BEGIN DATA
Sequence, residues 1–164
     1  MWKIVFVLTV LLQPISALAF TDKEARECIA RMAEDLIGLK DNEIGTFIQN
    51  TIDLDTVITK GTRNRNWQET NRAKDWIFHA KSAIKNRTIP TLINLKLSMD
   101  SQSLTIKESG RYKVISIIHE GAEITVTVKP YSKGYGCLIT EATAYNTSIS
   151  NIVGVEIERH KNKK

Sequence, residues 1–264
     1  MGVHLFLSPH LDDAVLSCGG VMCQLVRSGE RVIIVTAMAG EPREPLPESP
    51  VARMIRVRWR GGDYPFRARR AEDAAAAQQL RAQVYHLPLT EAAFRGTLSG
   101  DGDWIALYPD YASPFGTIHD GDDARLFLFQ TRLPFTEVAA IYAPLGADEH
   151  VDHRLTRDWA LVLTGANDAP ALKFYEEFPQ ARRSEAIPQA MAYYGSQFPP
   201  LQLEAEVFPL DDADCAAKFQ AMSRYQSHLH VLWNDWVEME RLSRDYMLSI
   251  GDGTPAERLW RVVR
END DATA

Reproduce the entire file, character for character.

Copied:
Sequence, residues 1–164
     1  MWKIVFVLTV LLQPISALAF TDKEARECIA RMAEDLIGLK DNEIGTFIQN
    51  TIDLDTVITK GTRNRNWQET NRAKDWIFHA KSAIKNRTIP TLINLKLSMD
   101  SQSLTIKESG RYKVISIIHE GAEITVTVKP YSKGYGCLIT EATAYNTSIS
   151  NIVGVEIERH KNKK

Sequence, residues 1–264
     1  MGVHLFLSPH LDDAVLSCGG VMCQLVRSGE RVIIVTAMAG EPREPLPESP
    51  VARMIRVRWR GGDYPFRARR AEDAAAAQQL RAQVYHLPLT EAAFRGTLSG
   101  DGDWIALYPD YASPFGTIHD GDDARLFLFQ TRLPFTEVAA IYAPLGADEH
   151  VDHRLTRDWA LVLTGANDAP ALKFYEEFPQ ARRSEAIPQA MAYYGSQFPP
   201  LQLEAEVFPL DDADCAAKFQ AMSRYQSHLH VLWNDWVEME RLSRDYMLSI
   251  GDGTPAERLW RVVR